‘Top Model’ ads could be a big blue bust

By Lisa de Moraes WASHINGTON, The Washington Post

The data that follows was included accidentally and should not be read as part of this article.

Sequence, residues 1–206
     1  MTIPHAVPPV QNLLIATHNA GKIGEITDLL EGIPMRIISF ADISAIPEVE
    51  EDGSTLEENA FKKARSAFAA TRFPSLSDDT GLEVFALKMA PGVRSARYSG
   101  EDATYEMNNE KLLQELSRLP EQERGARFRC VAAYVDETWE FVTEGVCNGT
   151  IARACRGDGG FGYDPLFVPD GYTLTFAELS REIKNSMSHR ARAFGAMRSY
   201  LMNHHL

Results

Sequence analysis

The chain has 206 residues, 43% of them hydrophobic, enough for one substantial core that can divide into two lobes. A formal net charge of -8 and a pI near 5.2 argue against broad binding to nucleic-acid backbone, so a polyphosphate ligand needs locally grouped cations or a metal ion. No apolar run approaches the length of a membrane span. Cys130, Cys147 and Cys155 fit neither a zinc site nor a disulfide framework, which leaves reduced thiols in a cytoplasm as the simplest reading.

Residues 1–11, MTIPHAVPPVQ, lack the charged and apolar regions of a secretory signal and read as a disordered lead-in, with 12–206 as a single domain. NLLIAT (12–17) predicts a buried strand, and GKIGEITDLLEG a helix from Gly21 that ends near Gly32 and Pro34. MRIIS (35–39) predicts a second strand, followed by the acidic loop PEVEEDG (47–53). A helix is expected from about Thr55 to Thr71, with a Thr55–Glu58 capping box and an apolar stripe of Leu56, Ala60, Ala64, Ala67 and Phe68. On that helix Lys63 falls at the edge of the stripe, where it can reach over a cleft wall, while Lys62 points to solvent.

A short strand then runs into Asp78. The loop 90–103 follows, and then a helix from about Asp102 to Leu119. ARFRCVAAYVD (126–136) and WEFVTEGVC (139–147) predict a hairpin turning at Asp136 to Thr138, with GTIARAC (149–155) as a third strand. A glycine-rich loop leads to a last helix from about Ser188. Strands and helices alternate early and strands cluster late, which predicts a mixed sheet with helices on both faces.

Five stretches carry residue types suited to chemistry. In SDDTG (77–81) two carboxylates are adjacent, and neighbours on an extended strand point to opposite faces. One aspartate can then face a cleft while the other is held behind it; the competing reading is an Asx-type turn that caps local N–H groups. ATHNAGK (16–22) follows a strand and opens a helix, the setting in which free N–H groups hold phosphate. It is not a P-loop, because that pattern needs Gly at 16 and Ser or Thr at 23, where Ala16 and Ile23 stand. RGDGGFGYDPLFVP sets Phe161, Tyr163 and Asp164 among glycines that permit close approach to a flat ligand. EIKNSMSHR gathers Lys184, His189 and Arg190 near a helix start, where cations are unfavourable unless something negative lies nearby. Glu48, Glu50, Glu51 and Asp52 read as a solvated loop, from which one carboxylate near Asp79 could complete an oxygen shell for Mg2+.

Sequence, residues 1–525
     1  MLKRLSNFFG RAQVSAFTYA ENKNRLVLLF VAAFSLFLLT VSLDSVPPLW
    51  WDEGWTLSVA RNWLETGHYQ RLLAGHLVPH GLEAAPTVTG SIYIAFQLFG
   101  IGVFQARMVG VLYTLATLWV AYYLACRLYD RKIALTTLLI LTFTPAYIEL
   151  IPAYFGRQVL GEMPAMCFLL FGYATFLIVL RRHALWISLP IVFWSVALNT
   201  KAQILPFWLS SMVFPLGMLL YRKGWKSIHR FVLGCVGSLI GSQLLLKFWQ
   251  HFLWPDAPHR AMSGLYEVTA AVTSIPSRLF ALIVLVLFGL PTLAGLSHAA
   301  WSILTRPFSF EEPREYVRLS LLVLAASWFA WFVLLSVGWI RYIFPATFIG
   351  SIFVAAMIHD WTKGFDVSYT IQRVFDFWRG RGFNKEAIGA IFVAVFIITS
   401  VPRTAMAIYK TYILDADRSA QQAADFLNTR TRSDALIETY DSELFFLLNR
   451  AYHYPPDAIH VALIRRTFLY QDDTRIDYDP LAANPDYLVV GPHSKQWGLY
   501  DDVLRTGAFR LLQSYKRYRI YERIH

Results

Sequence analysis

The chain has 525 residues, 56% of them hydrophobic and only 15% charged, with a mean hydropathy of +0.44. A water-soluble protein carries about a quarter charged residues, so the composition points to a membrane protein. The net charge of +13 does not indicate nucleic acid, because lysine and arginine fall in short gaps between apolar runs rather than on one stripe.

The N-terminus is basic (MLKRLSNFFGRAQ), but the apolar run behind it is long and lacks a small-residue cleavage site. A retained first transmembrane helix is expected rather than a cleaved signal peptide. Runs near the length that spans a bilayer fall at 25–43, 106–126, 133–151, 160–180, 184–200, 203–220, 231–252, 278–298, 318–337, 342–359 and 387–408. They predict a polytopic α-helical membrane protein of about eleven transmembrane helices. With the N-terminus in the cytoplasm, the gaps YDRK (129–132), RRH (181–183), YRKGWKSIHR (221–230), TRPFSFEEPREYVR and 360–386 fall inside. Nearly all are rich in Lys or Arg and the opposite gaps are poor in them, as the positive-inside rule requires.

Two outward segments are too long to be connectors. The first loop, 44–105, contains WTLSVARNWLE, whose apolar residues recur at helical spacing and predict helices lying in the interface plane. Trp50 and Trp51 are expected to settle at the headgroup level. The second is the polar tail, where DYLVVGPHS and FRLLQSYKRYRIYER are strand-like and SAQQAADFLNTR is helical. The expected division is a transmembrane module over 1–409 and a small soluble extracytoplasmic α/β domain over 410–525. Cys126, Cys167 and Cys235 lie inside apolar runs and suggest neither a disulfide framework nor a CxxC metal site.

One month after Turner Broadcasting had to pull advertisements for its late-night TV series “Aqua Teen Hunger Force” off the streets because they were terrorizing the children and womenfolk of Boston, the city of Santa Monica, Calif., took ads for CW’s “America’s Next Top Model” off the sides of its Big Blue Buses because they were objectifying the womenfolk. The bus ads, which went up in the nation’s three biggest TV markets (New York, Los Angeles and Chicago, but mercifully not in Boston, where they probably would have been detonated by bomb squads, causing cable news channels to hyperventilate), promote the latest edition of the popular CW reality series in which chicks compete for a modeling contract. This year’s campaign has a jungle thing going on: Model, show creator and host Tyra Banks is posed—either before her well-documented chunking up or else via the miracle of modern Photoshop—in front of a tropicalish waterfall, surrounded by her latest crop of leggy wannabe models. They’re wearing various colorful takes on the Me-Jane-You-Tarzan look—and, we should add, pretty modest takes, compared with what you can see on the beach in Santa Monica. Much like the “Aqua Teen Force” ads in Boston, the “Top Model” ads were up for weeks before the hoo-ha erupted in Santa Monica, located on the western edge of the tummy tuck, rhinoplasty, Botox, boob job capital of America. Stephanie Negriff, Santa Monica’s director of transit services, says she had the ads removed from the buses this week “as the result of feedback I received from some members of the public as well as some of our employees.” “The city of Santa Monica … has policies for harassment and discrimination in the workforce,” she told The TV Column. “If a mechanic (on the city’s payroll) displayed a photograph like that on their toolbox or in their locker, it might offend someone else … but there it is on the side of our buses and we’re maintaining this photograph. It made an impact on me,” she said. She acknowledged the ads still appear as giant billboards all over the county but, she maintains, “it makes a difference as a billboard 100 feet in the air and a photograph at eye level going down the curb lane. People react differently to it.” Negriff noted that the city refunded CW the full price of the ads, including for the two weeks they’d already been displayed on the buses. (She says she thinks it was about $30,000 for what was going to be a four-week run.) Now, she notes, the news media have been all over this since a little item on the ad removal appeared in the trade paper Variety, and some reports are accusing her of blasting the show and saying it disrespects women. “I’m not making any comment about the show at all,” Negriff told The TV Column, and we could sense the exasperation in her voice. “I’ve never seen the show. I think I know what it’s about, but I have no comments about the show.” CW, meanwhile, got two weeks’ worth of free bus ads and is now enjoying millions of dollars’ worth of free publicity for the eighth-season debut of “Top Model” since the media got wind of the story and started writing about it. “It’s a jungle out there in bus marketing,” CW’s rep Paul McGuire said in a statement issued this week. “Even America’s next top models aren’t safe anymore. We are very proud of Tyra Banks and this wonderful program.” He also wanted to make sure to say for the benefit of “any citizens of Santa Monica who may not have seen our message” that a new episode would premiere Wednesday night. Negriff recalled two previous occasions in which entertainment-industry ads had been given thumbs down by Big Blue Bus. One was an ad for the FX series “Nip/Tuck,” which featured beautiful women and a nasty-looking scalpel. Negriff said that ad fell into the same category of objectification. The other ad was for the feature film “10 Things I Hate About You.” Odd, given that it was a remake—sort of—of Shakespeare’s “The Taming of the Shrew.” In that case, Negriff explained, “several people said it appears the bus is saying Big Blue Bus hates 10 things about you”—and it had to go. “We can generally advertise movies and things from the entertainment industry,” she said, “we just have to recognize we’re a public agency and have to be sensitive to … feedback from our community.” Wednesday afternoon an aspiring cub reporter out of this column’s Santa Monica bureau reported seeing a Big Blue Bus driving by festooned with an ad that had a movie quote: “Sell crazy someplace else, we’re all stocked up here.”